“In my view, such an argument requires too much of GMCL given the time pressures it was facing, the threat to its continued existence as a business enterprise, and the fact that, for the most part, it was reacting to a worsening economic landscape, GMCL’s instructions, and the Canadian and U.S. Governments’ decisions.”

The decision shows courts will look at questions of good faith and fair dealing in the franchise context through the lens of commercial reality, according to Ship. “It’s an important recognition of what I always understood to be the case, but this is a great example of it with a full common issues trial,” he says.

“The court is . . . very, very focused on what the franchisor was dealing with in real time on the ground and that context is going to colour the entire analysis the court is going to do of the good-faith issues,” he adds.

“I think the court is saying that the facts that are going to be most important for the court are the facts that informed the decision-making context that was facing the franchisor at the time.”

The court expressed a concern about getting its facts straight about exactly what the situation was like for GM at the time, Ship notes.

“Once the court is prepared to accept the gravity of the context, there’s going to be a lot of deference shown, in my view, to the ultimate decisions that were made and the dealings with the franchisees.”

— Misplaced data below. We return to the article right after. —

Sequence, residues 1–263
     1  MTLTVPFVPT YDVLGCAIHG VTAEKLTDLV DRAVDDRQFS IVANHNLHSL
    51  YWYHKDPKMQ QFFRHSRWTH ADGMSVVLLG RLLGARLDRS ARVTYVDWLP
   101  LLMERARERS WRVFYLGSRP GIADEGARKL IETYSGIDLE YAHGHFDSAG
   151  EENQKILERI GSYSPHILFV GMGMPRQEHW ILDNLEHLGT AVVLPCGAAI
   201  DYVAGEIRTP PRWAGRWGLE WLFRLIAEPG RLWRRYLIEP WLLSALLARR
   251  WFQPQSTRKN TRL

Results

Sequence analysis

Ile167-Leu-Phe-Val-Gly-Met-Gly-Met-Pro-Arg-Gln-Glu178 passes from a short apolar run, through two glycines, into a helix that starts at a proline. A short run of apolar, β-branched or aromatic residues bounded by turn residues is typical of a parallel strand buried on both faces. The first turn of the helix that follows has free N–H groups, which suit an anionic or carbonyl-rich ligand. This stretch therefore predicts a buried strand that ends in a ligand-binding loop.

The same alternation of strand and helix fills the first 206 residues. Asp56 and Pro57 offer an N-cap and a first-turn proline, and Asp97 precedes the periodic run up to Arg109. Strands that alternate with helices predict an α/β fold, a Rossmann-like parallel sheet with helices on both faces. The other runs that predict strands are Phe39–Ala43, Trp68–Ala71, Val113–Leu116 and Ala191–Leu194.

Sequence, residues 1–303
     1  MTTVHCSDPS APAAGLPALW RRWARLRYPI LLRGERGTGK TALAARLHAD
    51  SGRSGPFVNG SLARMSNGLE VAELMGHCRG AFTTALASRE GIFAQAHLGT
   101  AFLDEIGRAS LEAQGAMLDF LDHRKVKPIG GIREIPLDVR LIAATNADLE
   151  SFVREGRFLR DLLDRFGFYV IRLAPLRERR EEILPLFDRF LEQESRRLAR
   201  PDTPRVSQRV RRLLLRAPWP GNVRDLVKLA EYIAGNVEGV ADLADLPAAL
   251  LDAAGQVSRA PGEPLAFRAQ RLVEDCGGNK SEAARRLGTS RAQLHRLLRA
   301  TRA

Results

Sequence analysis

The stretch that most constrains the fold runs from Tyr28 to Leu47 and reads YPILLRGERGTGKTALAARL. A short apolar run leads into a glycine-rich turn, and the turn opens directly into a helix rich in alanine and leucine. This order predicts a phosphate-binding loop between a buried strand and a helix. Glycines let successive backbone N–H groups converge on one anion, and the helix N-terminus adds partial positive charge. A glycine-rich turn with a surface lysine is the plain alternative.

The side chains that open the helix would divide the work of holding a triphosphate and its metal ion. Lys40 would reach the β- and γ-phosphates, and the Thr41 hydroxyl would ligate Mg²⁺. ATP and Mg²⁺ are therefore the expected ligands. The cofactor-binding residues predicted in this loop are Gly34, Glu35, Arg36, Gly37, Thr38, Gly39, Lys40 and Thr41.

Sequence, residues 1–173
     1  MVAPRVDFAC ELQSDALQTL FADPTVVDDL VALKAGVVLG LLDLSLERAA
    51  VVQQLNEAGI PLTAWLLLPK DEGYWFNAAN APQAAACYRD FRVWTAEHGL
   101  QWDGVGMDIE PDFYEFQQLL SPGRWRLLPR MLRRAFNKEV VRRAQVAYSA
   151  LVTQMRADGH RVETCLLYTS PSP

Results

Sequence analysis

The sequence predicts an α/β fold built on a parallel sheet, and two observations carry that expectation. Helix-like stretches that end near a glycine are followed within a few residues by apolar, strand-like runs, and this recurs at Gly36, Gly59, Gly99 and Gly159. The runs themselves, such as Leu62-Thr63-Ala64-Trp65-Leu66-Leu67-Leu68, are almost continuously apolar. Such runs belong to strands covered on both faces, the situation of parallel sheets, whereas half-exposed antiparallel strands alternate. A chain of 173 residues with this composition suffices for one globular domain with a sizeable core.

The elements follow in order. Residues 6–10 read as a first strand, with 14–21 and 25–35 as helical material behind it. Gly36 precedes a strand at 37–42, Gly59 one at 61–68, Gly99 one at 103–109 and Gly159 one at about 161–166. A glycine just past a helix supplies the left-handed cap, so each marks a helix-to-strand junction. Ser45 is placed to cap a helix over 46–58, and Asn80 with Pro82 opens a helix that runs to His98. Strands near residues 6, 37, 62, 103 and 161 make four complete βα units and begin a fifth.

Sotos LLP lawyer David Sterns, counsel for the dealers, says his firm is appealing McEwen’s finding that, under the circumstances, GM’s actions were “fair enough.”

In the notice of appeal, Sotos claims the judge made an “overriding error in principle that tainted his analysis of the [Arthur Wishart Act] and his determination of the duties that GMCL owed to the class members.”

“He interpreted the [act] through the ‘lens of commercial reality’ and by reference to the subjective business context in which GMCL was operating in May, 2009 and found, as a result, that the duties GMCL owed to its dealers were diminished,” the notice of appeal states.

“In so doing, the trial judge failed to give consideration to this court’s well-established jurisprudence adopting a purposive approach to a franchisor’s duties under the [act] which gives effect to the statute’s fundamental purposes of: (i) addressing the power imbalance between franchisors and franchisees; and (ii) protecting franchisees.”

The notice of appeal also says the judge misapplied and misinterpreted Bhasin v. Hrynew, a Supreme Court decision from last year.